The songs of Jimmy Webb occupy an indelible place in popular music. From the ones that everybody knows — “Wichita Lineman,” “Galveston,” “By The Time I Get To Phoenix,” and “MacArthur Park” among them — to such standout performances as “Up, Up And Away” (The Fifth Dimension), “The Worst That Could Happen” (The Brooklyn Bridge), “All I Know” (Art Garfunkel), and “The Highwayman” (The Highwaymen), they’ve traversed genres and generations for nearly the past half century.
“There are these curious twists and turns to my repertoire,” adds Mr. Webb, “and the ways it’s interacted with both the kind of traditional world of songwriting where I was very well recorded by the likes of Mr. Sinatra, Mr. Bennett, Barbra Streisand, Liza Minnelli — the traditional warhorses of pop music — but I’m equally well represented by Maynard Ferguson and Stan Kenton and Pat Metheny and a whole group of jazz musicians.”
In addition to his achievements as a songwriter, Mr. Webb has maintained a respectable career as a recording artist in his own right, with albums like Letters, Suspending Disbelief, and Ten Easy Pieces revealing yet another dimension of his talent. On his latest, Just Across The River, he collaborates with guests including Billy Joel, Lucinda Williams, and Mark Knopfler while revisiting selections from his own back catalog.
The only artist in history to have won GRAMMY® awards for music, lyrics, and orchestration, Mr. Webb resides on the Board of Directors of ASCAP (The American Society of Composers, Authors, and Publishers) as well as the Songwriters Hall of Fame.
What originally drew you to the craft of songwriting? There’s always been a serious aesthetic underscoring your work.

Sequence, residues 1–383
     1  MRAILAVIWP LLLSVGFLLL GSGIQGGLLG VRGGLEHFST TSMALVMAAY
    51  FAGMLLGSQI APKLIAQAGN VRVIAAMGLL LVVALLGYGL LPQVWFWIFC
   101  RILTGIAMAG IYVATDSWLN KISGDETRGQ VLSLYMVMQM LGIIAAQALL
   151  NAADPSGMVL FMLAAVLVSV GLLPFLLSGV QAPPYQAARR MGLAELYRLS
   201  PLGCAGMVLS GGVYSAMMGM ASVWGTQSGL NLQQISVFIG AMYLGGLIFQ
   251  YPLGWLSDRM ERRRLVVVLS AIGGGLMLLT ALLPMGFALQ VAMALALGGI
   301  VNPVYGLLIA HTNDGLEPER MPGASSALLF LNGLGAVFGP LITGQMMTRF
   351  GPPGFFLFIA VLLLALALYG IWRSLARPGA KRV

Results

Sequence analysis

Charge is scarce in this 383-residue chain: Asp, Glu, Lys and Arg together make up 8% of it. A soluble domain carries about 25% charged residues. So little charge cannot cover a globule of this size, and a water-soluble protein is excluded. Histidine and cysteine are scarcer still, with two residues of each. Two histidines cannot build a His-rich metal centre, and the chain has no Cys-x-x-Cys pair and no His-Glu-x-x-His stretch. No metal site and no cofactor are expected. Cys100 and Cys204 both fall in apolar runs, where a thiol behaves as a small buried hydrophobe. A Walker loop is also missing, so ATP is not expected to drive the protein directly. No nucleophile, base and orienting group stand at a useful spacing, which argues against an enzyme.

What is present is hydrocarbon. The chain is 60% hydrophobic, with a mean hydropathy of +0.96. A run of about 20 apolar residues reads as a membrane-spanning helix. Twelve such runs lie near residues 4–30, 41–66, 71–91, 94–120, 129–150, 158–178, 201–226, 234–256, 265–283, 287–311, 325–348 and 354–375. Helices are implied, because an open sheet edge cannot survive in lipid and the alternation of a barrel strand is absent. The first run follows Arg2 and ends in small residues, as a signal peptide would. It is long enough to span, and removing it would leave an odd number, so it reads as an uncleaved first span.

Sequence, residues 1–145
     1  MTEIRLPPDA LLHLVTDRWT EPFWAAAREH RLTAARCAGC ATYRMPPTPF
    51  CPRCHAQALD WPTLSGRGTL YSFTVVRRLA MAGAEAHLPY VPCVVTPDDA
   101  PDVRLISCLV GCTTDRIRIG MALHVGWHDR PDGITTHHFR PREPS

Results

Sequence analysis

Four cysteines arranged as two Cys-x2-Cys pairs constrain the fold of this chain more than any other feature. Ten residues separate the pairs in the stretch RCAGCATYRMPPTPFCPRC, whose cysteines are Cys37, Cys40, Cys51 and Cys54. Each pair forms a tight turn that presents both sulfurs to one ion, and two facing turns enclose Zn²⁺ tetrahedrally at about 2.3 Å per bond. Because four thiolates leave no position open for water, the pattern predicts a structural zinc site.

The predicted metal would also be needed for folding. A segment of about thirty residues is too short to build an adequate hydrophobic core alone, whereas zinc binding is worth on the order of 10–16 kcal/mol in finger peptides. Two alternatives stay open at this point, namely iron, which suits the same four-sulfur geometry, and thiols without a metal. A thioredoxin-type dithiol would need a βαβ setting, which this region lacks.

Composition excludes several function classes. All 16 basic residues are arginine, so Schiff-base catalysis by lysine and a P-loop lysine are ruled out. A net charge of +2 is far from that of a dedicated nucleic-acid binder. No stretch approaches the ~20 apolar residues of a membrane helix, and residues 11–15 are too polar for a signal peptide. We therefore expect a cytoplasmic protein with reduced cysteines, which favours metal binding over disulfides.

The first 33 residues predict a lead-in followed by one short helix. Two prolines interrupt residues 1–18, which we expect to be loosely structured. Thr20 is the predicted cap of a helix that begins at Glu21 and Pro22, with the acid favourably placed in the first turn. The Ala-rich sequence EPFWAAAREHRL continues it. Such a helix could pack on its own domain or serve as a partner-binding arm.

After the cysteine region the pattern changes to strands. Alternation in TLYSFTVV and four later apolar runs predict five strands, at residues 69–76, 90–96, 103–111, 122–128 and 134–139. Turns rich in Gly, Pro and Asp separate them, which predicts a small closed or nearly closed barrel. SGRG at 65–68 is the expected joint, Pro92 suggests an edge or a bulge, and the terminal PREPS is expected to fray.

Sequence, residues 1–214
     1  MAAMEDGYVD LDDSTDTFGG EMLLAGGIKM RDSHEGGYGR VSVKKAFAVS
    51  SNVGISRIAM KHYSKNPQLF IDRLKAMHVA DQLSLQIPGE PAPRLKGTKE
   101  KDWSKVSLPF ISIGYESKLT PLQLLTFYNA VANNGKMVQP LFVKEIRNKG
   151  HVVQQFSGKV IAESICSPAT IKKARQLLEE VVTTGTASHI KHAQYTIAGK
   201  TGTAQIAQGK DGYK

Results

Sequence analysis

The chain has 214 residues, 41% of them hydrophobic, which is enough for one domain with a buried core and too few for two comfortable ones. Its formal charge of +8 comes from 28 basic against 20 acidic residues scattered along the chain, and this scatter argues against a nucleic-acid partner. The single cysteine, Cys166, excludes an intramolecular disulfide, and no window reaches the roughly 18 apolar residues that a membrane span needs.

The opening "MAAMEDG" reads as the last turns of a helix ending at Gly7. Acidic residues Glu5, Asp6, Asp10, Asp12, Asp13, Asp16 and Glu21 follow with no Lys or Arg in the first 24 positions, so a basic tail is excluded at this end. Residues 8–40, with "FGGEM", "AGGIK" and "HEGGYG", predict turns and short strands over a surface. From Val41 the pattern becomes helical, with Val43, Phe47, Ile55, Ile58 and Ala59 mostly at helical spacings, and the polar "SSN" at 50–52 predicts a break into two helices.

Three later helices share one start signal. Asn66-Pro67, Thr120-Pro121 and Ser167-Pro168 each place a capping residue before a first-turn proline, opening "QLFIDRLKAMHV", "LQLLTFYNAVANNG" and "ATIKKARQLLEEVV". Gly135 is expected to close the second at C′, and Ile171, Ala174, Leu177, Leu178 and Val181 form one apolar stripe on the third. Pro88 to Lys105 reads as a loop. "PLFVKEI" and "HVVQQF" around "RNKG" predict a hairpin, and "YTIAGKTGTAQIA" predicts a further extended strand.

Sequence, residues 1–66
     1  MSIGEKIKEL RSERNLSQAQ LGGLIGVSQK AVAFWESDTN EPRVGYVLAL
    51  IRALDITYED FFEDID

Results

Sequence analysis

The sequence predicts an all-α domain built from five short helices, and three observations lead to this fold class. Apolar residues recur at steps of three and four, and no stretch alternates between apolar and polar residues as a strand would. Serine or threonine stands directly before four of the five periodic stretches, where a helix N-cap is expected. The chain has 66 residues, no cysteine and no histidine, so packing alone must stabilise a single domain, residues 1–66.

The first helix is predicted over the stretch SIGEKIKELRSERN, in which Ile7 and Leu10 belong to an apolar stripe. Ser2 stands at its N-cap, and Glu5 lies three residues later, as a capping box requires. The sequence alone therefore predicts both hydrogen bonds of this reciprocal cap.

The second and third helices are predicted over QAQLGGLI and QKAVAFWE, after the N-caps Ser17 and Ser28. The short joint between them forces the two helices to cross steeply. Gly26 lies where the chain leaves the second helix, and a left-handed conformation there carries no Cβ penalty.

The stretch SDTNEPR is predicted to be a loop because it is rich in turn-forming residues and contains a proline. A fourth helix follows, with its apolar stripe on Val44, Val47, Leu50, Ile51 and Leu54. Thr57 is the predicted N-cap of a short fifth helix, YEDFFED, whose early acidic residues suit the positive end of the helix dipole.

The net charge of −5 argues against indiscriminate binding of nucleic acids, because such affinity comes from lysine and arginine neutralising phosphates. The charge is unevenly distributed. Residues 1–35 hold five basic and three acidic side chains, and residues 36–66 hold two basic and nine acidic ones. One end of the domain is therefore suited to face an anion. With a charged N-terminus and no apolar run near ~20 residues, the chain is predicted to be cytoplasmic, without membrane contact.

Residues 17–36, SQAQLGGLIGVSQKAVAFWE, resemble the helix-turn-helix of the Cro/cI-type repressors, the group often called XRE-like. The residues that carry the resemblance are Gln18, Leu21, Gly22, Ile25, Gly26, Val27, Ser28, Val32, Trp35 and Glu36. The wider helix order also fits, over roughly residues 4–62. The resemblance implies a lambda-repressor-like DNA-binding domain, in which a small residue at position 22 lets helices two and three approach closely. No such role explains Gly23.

I always took it pretty seriously. I think that, first of all, you’ve got to be a fan. If you love it and if you love hearing the things that other people are doing… We learn by imitating. I was a great fan of John Gardner, who wrote the book The Art of Fiction. It was actually a book written for prose writers. One of the great quotes in it was, “In a sense, all great writing is an imitation of great writing.” I really got my blood up as a teenager — 13, 14, 15 years old — listening to Burt Bacharach and Hal David, some of the more semi-serious composers like Rodgers and Hart — Larry Hart was a great favorite of mine — Leiber and Stoller, Goffin and King. All of the Brill Building writers I knew intimately. I knew well. I knew their work note for note, word for word. I had a lot of piano lessons when I was a kid, but I could always play by ear. When I say “intimate,” I mean that I actually felt like I was part of those songs. I felt like I knew something about the origins of those songs. I used to listen to Teddy Randazzo’s wonderful records that he did with Little Anthony & The Imperials: “Hurts So Bad,” “Goin’ Out of My Head.” Tony Hatch, all his stuff with Petula Clark, “Downtown,” and [with] Dusty Springfield. These were all the legit writers — that’s the expression I would use anyway — and they were pure writers. They just wrote songs; they didn’t perform.
Then on the other hand the performers, the singers, were not in any sense songwriters. They were just talent, not just talent in the diminutive, but they were discreetly talent as opposed to writers. That’s the sort of ancient music business that I grew up in, where the roles were very clearly defined. Then you had singer/songwriters like Woody Guthrie and then his disciples like Bob Dylan, who is clearly a singer/songwriter, but the singer/songwriter as performer didn’t really come to the fore and come into its golden age until Lennon and McCartney. At that point, it was clear that everybody would have to write and sing and perform. And so the stage was kind of set for the ‘70s and the whole singer/songwriter phenomenon.